Dublin Tech Company offering innovative storage solution Case Study


A Dublin based technology company identified a market opportunity surrounding secure document storage solutions for people to safely file and access personal items of importance such as wills, insurance paperwork, power of attorney and after-life care instructions. Indeed, in today’s society, even storage of online access passwords has become an important component of a person’s estate and can lead to great confusion for future generations if not filed safely. The entrepreneurs involved were not just driven by commercial gains but saw a societal need for people, in their later years, to feel confident in their management of potential ‘intergenerational wealth’ accrued over a lifetime. The use of such a storage tool was identified as a good opportunity to open the conversation on succession rights with future generations. Quite similar to the Irish Hospice foundation’s Think Ahead movement which has opened the narrative on peoples’ preferences for end of life care and after-life wishes.

The company requested RIKON’s assistance with the development of its business model to fully develop the core building blocks and assess how best to position the product in the Irish marketplace. There was also research required into whether competing products had been established elsewhere in the past and to ascertain whether lessons could be learned from their model and positioning.


As the product had many potential benefits to many different customer cohorts there was significant work required to streamline the product’s value propositions and align these with a relevant target cohort. If too broad an approach was taken the product had the potential to become a confusing proposition which would prove very costly to promote once launched into the market.


RIKON carried out multiple workshops with the company involved to narrow down the potential of the product until the core value propositions of the product had been identified. The challenge here was finding a balance between the desires of the company to provide a societal benefit with the challenge of creating a commercially viable product.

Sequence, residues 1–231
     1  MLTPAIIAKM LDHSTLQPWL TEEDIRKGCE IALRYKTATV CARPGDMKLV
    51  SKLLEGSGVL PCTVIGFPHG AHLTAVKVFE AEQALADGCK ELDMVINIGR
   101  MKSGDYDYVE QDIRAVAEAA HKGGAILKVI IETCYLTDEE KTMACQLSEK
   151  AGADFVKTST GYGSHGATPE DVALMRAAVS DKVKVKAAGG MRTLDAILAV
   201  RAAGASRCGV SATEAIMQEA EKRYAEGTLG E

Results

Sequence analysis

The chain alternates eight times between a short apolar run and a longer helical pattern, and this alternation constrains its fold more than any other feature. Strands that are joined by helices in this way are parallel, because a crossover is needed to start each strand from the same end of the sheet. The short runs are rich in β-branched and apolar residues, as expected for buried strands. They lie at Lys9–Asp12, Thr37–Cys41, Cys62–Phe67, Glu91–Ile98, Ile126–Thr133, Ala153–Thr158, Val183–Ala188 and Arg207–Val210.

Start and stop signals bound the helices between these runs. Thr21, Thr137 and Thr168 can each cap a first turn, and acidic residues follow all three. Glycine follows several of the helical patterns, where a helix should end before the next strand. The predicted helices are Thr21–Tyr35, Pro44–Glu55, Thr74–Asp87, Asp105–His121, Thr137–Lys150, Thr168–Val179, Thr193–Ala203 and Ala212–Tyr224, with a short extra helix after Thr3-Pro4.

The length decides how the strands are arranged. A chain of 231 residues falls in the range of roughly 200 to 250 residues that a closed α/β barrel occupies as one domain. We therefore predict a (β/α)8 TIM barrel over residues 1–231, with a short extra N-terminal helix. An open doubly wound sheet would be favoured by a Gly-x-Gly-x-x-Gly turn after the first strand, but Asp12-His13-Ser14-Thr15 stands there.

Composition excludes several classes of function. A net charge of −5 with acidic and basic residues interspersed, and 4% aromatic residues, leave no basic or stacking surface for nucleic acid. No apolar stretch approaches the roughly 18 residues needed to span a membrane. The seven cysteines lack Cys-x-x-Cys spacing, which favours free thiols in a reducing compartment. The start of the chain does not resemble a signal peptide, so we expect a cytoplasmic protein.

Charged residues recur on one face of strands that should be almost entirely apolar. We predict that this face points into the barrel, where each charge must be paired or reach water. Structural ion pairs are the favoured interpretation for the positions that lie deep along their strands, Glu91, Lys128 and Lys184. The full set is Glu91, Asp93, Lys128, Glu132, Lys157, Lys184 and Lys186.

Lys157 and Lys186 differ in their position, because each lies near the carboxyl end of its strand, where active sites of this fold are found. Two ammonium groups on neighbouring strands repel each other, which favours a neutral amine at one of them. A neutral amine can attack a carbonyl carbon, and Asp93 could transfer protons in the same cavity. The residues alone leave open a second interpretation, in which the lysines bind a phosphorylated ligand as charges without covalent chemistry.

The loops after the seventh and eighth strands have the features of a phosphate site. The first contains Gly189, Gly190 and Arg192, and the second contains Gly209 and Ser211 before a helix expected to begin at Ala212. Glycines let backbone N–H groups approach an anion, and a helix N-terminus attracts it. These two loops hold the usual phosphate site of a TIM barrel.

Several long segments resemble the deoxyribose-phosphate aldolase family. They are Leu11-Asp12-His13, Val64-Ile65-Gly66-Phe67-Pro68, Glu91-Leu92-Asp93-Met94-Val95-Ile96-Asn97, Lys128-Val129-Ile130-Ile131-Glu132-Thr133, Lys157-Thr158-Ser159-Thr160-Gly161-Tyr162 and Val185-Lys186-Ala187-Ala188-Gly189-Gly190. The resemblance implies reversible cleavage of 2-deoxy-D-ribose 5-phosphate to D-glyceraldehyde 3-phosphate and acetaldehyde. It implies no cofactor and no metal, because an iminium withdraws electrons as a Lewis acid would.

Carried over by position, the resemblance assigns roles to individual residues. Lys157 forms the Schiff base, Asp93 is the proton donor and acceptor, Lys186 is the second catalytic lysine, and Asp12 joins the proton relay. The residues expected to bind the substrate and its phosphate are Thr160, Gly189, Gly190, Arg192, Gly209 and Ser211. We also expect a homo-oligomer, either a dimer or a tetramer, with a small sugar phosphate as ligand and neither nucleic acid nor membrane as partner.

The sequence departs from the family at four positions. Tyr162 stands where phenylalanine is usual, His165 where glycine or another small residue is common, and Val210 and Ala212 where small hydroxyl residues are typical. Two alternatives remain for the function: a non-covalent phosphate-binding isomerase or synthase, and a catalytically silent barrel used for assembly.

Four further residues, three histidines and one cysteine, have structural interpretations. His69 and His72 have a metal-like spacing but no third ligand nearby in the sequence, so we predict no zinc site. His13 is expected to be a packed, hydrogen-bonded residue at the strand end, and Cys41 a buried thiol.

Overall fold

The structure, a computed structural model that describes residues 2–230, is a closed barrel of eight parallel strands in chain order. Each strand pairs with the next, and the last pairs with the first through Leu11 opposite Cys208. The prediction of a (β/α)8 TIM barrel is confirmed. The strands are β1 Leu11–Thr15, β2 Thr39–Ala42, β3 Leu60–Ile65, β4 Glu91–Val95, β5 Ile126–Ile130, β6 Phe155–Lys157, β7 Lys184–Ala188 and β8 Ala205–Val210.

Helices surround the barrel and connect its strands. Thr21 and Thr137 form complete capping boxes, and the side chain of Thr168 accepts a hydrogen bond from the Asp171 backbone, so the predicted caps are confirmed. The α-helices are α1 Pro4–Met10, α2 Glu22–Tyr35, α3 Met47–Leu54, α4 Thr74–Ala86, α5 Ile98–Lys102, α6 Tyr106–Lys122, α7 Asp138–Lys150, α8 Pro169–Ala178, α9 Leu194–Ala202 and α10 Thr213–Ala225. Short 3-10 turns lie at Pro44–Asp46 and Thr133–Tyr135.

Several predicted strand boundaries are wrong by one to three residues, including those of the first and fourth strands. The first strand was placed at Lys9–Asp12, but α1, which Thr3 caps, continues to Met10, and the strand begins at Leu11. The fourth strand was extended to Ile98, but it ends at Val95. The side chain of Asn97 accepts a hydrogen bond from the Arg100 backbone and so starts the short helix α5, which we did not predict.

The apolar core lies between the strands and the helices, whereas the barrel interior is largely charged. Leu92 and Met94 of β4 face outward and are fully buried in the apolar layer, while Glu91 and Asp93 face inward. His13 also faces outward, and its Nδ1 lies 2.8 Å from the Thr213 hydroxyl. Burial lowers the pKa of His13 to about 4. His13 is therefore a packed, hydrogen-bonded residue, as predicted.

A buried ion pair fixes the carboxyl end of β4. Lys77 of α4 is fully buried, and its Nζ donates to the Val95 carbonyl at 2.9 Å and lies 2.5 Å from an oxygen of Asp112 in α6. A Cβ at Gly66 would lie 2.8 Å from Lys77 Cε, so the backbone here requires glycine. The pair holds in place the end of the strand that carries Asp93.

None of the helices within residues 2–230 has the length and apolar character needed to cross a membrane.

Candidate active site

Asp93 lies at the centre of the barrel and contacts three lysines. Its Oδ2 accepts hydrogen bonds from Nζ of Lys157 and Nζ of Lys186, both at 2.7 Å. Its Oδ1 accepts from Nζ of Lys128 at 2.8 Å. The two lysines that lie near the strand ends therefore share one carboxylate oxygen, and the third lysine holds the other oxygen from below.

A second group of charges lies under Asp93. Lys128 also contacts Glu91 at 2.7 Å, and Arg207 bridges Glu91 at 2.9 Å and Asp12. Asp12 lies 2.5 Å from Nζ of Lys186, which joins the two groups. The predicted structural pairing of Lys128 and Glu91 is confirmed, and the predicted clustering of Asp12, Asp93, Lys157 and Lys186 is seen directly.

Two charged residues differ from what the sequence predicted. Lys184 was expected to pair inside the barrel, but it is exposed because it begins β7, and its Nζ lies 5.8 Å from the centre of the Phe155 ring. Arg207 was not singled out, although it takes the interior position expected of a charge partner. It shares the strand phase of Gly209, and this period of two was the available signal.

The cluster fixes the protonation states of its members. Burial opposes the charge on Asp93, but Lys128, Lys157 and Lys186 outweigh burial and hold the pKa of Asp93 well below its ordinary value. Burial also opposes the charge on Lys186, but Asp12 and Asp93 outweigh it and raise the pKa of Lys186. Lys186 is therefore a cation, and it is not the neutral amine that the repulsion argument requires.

• Product Positioning

Once the principal VPs had been established, RIKON conducted market research at home and abroad and studied how other companies, many of them international banks, had attempted similar enterprises with varying results. Many lessons were learned from this research, in particular about the positioning of the product, always with a mind on the eventual target segment – elderly customers who may be wary of said technology, may be reluctant to address the issues involved, may be difficult to target with mainstream marketing channels.

  • Revenue Model

Once again, many options here meant that work had to be carried out to determine how best to price the product. Some options included one off fee versus subscription with tiered payments.

  • Technological Requirements

Reassurance was a key element of this product’s value propositions. A reluctance to trust an online storage solution was identified as a potential barrier to uptake and the company worked hard to secure the most reputable data storage partners to bring an authority to the brand. A balance between the ‘softer’ elements of the product and the core strength of the technology underpinning these value propositions was implied in messaging and partner choice.

  • SWOT Analysis

Toward the end of the project a SWOT analysis identified gaps and opportunities in the marketplace as well as internal strengths and weaknesses which required work before the launch of the product.

By the end of the project the company was happy with the balance struck between the production of a commercial product, since launched, and the delivery of a technologically secure service that can provide people with ‘peace of mind’ that their affairs are in order for future generations.


Peter Fearon, Group CEO:

We found the team at RIKON well versed in asking the pertinent questions to really force us to streamline our business model. The workshop engagements in WIT were invaluable in keeping us focused on the core offerings of the product and how these matched with our intended audience. I would recommend the process to anyone interested in testing their business model, whether in a new venture or existing product or service

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